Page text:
Most rapid diagnostic test (RDT) kits are packaged with single-use disposable blood transfer devices (BTDs) used to collect, transfer and deposit a specified amount of blood – usually in the range of 5 to 50 µL – from a fingerprick to a sample well on the RDT cassette. Blood transfer can be a challenging part of the process; for example, volume control can be prone to error. The concerns about many BTDs include (i) risk of blood spillage and exposure to infectious blood; (ii) incorrect amount of blood (too much can lead to a red background in the results window, too little can lead to false negative test results); and (iii) the blood transfer device is complex and not user-friendly for health workers in low resource settings.
Over the years, published studies have demonstrated a great deal of variation in consistency and accuracy of blood volume delivered by commercially available BTDs on malaria RDTs1. In response to this, FIND co-developed (together with Injection 74, France) and evaluated an ‘inverted cup’ device for easy transfer of 5 µL blood to malaria RDTs in 2011. Field studies conducted in Nigeria, the Philippines and Uganda have shown that this new device achieved the highest overall performance in terms of accuracy of blood volume, blood safety, ease of use, and user preference2,3.
This improved BTD is being used by more and more malaria RDT users and manufacturers, with an astonishing 250 million inverted cup BTDs distributed in 2017. One of the major RDT manufacturers commented, “It is safe to say that most end-users prefer inverted cups over pipettes”, and another said “The inverted cup has been indeed very revolutionary in blood collection and has been accepted well by most customers.”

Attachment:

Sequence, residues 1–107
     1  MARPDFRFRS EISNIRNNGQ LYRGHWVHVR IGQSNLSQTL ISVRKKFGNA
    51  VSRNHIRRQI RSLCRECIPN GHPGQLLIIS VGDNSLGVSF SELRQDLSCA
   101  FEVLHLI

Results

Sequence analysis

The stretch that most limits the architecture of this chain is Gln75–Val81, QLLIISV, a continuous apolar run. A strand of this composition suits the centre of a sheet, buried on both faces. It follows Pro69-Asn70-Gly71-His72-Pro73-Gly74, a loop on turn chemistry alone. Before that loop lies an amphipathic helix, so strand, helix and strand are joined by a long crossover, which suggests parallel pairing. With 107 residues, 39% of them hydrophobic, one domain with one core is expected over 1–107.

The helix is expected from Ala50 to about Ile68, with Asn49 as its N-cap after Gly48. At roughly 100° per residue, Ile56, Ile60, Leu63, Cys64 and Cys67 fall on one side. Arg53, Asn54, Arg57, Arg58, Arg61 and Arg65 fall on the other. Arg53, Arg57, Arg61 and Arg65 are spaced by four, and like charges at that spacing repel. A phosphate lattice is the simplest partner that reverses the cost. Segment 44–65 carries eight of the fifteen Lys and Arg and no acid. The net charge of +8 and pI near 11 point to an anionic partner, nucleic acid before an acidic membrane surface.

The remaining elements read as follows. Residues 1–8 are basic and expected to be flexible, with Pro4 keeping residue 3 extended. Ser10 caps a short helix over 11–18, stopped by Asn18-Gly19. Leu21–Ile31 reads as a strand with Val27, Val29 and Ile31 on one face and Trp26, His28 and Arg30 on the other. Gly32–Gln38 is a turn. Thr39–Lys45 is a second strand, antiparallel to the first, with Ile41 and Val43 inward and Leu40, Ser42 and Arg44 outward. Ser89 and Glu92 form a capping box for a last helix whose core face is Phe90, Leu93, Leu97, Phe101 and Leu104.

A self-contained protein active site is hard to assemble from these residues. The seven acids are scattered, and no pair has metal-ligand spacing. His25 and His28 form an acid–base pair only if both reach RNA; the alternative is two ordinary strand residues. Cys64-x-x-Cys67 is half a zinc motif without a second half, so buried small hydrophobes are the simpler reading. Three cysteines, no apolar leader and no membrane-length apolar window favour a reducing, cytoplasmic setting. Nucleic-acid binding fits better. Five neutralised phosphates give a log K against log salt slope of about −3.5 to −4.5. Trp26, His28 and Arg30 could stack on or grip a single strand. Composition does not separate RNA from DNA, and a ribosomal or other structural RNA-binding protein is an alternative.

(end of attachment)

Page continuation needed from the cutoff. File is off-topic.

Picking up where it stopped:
Building on this success, FIND has now developed the ‘conical cup’ BTD for 23 µL of blood to allow the use with RDTs like the HIV or HAT rapid tests. A recently published study has demonstrated the success of this device when used by primary level health care staff in Uganda4. As one health worker put it, “with the conical cup, I have seen it is very easy because it is just a matter of touching the blood which then comes up by itself and then just transferring it on the pad.”
The design of both devices make them very easy to use, without the need of volume control, and very little risk of blood exposure for the health worker. More details can be found in the published studies below. In case of questions, please contact Sandra Incardona (firstname.lastname@example.org) or Bertrand Schutz at Injection 74 (email@example.com).
1. An assessment of various blood collection and transfer methods used for malaria rapid diagnostic tests. Luchavez et al, Malaria Journal (2007)
2. Blood transfer devices for malaria rapid diagnostic tests: evaluation of accuracy, safety and ease of use. Hopkins et al, Malaria Journal (2011)
3. The inverted cup device for blood transfer on malaria RDTs: ease of use, acceptability and safety in routine use by health workers in Nigeria. Incardona et al, Malaria Journal (2018)
4. Accuracy, Ease of Use, and Acceptability of a 23-µL Conical Cup Blood Transfer Device for Use with Rapid Diagnostic Tests. Incardona et al, Am J Trop Med Hyg (2018)
- FIND’s other malaria projects